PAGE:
In Michigan, Gov. Rick Snyder hasn't taken on unions head-on, but many are wary of his Emergency Financial Managers legislation, which would grant new wide-ranging powers to EFMs, including the ability to dissolve local governments and school districts, and to void contracts. The law has been passed and awaits the nerd governor's signature. The state has begun training 175 EFMs in anticipation of Snyder's draconian budget measures taking effect. As municipalities and school systems buckle under the state cutbacks, he'll be able to deploy EFMs across the state. Anti-EFM activists held protests in several Michigan cities on Tuesday.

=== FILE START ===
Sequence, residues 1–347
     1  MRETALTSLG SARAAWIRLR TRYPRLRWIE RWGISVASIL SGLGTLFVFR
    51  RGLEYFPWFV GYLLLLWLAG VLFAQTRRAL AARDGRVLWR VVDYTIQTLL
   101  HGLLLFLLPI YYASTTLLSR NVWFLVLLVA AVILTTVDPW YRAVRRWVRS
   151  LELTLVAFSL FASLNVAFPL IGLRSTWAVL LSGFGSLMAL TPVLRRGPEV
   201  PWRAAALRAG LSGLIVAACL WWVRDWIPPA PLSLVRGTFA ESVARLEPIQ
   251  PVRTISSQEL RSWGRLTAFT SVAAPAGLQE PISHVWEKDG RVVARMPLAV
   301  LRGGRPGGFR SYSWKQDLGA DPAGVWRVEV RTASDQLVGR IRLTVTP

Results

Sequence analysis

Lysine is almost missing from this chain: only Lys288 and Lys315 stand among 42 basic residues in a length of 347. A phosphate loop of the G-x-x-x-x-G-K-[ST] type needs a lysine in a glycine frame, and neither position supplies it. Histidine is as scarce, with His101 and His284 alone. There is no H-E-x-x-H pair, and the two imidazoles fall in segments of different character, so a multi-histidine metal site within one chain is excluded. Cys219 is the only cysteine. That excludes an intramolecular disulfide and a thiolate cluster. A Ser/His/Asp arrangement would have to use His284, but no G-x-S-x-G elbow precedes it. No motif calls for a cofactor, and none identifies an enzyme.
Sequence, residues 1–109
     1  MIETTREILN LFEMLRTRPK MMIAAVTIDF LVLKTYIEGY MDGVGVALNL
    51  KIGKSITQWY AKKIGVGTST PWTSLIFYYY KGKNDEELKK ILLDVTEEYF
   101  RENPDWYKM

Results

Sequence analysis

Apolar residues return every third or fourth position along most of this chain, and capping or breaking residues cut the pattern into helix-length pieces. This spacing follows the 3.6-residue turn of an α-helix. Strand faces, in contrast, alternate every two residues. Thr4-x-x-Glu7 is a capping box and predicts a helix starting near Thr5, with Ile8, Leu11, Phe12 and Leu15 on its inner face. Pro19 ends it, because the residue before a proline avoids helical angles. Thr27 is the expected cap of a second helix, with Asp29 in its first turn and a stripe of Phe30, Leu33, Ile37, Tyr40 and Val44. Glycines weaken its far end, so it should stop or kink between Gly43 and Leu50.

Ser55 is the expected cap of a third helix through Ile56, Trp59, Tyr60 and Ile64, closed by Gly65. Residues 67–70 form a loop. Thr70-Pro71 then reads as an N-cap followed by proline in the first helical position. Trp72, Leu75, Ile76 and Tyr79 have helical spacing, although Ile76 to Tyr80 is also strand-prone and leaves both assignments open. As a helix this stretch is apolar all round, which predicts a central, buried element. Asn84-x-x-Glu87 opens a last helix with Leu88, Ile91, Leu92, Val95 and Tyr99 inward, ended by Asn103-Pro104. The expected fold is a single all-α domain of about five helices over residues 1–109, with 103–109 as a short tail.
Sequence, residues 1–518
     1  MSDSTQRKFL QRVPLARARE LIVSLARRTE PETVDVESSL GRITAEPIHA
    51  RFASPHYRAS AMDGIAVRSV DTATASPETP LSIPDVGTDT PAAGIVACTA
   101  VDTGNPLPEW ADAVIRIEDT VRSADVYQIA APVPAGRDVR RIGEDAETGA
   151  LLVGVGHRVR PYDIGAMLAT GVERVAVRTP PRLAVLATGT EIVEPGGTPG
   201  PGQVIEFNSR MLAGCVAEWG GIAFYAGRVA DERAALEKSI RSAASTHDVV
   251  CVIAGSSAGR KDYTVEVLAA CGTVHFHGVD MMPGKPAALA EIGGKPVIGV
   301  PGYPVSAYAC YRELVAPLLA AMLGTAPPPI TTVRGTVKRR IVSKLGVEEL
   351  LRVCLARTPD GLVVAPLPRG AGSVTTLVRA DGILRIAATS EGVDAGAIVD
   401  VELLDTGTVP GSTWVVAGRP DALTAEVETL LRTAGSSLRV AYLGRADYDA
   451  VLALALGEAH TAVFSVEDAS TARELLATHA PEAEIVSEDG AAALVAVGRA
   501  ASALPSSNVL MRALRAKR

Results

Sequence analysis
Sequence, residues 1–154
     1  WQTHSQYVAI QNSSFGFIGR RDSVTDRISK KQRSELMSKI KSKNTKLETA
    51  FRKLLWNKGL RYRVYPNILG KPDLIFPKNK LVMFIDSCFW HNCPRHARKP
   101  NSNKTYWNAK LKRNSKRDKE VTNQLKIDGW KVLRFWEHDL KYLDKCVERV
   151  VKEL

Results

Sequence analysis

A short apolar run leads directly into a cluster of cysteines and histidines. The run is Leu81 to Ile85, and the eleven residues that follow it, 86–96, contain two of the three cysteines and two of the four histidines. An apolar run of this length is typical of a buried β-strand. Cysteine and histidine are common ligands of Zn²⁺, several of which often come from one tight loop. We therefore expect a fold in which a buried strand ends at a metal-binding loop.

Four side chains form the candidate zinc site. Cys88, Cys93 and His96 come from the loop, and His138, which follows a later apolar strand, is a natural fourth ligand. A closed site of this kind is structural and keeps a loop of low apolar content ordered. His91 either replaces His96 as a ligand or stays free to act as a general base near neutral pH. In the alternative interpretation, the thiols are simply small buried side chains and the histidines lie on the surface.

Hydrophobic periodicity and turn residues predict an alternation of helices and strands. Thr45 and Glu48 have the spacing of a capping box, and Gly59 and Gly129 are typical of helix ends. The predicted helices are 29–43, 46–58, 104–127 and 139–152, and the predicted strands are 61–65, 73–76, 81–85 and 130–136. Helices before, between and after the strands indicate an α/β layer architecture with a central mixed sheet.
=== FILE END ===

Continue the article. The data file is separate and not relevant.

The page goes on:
"I assume Rick Snyder is Scott Walker with a worse haircut. There isn't any significant difference between Walker and Snyder policies. It all comes from the Koch brothers," says Frank Joyce, a political activist and writer who formerly headed UAW public relations. "Snyder wants to distinguish himself with some of his taxes, shifting the tax burden from business to retirees. And the EFM is a thinly disguised union-busting scheme; anybody pretending to be a neutral observer looking at the Detroit Public Schools as an example of how the EFM works would not be expanding the program. None of this is about fixing any real problems, this is about consolidating power.